Members of Maine’s congressional delegation have asked Secretary of Agriculture Sonny Perdue to use his powers to expand access to school lunch programs, something the lawmakers say is needed to ensure that low-income students in Maine and across the nation can continue to have access to free or reduced price meals.

Sens. Susan Collins and Angus King Jr., along with Reps. Chellie Pingree and Jared Golden, filed the request with Perdue on Sunday, according to a news release.

“On behalf of the more than 82,000 students in Maine who qualify to participate in the National School Lunch Program, we write to highlight the unique nutrition challenges children face in our states and across the country during the COVID-19 pandemic,” the delegation told Perdue. “With schools closed, COVID-19 is already placing a tremendous burden on families, school districts and hunger relief organizations.”

Many Maine students, particularly those living in disadvantaged areas, rely on the meals they get at school. About 44 percent of Maine’s 180,000 students qualify for free and reduced-price lunch. In some schools, 100 percent of students get free meals through the federal program, which reimburses districts for meals in areas with significant low-income populations.

The delegation said that in order for those students to continue to have access to school lunches, Perdue should use new powers granted to him under the Families First Coronavirus Response Act to expand flexibility around the low-income area eligibility requirement for the Summer Food Service Program and the National School Lunch Program Seamless Summer Option program.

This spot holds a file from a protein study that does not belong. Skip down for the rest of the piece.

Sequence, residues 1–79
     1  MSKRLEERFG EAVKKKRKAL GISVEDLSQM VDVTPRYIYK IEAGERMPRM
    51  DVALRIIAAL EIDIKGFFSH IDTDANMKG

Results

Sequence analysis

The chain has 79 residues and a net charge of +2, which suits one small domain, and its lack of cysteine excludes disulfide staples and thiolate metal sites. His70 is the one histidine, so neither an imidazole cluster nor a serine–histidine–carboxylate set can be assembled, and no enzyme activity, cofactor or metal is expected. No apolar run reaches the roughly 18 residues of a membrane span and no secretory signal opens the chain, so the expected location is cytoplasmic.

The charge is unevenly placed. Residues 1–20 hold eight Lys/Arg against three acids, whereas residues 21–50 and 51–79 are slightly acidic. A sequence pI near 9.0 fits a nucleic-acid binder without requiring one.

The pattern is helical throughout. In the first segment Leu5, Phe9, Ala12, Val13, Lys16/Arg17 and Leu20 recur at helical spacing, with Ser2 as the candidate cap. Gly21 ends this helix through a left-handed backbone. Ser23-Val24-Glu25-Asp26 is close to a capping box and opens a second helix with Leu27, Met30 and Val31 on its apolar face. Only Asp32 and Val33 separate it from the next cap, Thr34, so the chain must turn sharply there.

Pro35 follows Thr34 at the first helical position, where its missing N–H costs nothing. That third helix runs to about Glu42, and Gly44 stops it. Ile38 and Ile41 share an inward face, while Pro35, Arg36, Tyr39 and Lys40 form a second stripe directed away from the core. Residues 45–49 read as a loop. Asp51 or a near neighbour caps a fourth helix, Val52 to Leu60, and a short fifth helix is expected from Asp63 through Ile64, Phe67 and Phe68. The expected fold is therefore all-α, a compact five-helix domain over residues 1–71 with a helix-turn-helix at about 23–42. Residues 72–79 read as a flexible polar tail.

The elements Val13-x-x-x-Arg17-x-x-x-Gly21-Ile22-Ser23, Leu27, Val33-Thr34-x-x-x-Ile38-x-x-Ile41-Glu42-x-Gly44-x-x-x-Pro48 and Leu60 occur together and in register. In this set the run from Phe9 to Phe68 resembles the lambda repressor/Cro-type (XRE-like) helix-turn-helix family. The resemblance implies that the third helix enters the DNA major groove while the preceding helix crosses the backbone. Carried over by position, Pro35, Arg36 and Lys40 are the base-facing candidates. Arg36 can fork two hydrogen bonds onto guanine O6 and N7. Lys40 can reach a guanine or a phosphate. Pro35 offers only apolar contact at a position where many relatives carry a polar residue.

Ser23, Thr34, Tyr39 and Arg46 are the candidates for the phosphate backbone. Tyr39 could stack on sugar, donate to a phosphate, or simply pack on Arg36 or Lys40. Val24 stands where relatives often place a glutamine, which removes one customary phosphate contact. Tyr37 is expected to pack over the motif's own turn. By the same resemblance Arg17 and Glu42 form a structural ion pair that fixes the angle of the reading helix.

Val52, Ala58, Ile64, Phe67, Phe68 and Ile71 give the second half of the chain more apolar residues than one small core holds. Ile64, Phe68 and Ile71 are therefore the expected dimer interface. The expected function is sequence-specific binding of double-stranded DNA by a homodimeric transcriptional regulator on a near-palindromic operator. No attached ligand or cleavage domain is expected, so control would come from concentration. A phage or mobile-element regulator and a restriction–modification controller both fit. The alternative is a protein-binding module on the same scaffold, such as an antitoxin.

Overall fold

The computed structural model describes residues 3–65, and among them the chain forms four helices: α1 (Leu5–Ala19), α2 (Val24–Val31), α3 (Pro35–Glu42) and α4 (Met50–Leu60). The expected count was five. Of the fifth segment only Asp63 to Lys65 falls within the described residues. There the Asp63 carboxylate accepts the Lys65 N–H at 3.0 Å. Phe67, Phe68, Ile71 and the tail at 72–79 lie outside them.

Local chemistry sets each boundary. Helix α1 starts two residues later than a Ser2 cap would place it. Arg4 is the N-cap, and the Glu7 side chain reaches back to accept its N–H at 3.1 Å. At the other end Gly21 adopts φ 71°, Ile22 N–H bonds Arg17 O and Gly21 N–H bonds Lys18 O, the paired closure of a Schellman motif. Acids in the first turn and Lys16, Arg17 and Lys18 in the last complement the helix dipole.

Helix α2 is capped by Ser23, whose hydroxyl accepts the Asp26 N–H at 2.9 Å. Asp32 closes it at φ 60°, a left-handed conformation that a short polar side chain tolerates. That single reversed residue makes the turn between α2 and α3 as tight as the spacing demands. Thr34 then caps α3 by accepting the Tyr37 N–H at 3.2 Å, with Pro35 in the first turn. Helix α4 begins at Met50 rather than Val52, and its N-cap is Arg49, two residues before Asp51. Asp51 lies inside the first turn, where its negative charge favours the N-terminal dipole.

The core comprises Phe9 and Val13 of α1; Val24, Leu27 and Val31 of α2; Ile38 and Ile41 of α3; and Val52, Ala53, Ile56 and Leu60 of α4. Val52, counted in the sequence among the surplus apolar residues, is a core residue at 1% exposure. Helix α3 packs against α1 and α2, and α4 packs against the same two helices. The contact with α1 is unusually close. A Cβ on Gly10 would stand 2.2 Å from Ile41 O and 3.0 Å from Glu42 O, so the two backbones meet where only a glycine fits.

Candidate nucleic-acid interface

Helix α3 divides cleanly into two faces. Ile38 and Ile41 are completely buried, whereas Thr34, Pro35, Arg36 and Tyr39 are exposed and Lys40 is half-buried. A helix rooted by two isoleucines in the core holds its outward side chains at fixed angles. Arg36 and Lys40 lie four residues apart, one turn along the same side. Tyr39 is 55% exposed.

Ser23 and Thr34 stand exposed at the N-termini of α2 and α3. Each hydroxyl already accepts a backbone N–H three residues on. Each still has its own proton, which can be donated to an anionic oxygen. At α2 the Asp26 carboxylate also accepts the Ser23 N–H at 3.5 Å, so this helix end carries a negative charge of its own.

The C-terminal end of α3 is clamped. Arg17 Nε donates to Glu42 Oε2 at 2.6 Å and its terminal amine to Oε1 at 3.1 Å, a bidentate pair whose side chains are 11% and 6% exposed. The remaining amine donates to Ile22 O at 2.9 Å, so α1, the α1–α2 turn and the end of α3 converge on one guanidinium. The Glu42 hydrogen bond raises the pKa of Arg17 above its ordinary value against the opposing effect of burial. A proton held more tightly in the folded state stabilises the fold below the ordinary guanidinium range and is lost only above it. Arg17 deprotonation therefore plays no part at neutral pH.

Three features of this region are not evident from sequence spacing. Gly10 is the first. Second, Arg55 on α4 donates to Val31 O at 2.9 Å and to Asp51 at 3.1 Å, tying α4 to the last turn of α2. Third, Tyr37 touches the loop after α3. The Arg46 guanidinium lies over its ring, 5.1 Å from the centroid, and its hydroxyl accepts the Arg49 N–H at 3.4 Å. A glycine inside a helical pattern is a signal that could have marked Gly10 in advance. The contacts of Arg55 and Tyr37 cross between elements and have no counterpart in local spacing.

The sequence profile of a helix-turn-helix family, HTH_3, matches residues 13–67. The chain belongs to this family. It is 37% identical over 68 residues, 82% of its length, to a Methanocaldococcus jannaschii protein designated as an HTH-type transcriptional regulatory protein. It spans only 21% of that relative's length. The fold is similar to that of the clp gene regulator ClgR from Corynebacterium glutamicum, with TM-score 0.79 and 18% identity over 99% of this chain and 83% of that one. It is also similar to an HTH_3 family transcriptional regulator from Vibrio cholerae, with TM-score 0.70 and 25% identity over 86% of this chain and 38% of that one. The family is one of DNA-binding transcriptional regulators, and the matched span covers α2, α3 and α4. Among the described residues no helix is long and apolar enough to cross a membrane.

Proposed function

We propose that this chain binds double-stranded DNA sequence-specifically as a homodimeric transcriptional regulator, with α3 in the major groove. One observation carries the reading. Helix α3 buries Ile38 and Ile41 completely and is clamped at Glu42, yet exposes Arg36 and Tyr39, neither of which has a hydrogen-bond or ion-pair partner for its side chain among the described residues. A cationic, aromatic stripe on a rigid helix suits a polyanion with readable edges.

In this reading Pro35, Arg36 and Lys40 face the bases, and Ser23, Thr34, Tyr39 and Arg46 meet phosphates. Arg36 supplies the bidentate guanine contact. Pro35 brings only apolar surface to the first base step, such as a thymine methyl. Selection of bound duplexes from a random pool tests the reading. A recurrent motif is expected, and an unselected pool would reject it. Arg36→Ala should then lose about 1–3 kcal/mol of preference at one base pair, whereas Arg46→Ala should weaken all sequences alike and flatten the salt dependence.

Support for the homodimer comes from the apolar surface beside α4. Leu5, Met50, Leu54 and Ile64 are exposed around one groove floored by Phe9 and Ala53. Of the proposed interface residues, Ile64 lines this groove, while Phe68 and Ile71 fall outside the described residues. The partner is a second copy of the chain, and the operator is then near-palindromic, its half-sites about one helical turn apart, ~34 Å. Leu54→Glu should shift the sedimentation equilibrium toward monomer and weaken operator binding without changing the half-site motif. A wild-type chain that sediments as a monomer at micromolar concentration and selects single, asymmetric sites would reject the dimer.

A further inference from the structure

By doing that, the delegation said it would allow more Maine school districts to operate as open meal sites, which are allowed to provide free meals to any child, with no registration required.

More than half of the school districts in Maine are unable to operate as open meal sites for the community because less than 50 percent of the children living in the area qualify for free or reduced price schools meals. And in Maine nearly 20 school districts are within six percentage points of qualifying, the lawmakers said.

“Removing the low-income area threshold and allowing all open meal sites to operate without administrative burdens would go a long way to helping ensure that no child goes hungry as a result of the coronavirus pandemic,” Maine’s delegation wrote.

During the regular school year, the National School Lunch and Breakfast programs provide about 225,000 meals daily to Maine schoolchildren. But with most schools transitioning to remote class instruction, many low-income students no longer have convenient access to free or reduced-cost meals.

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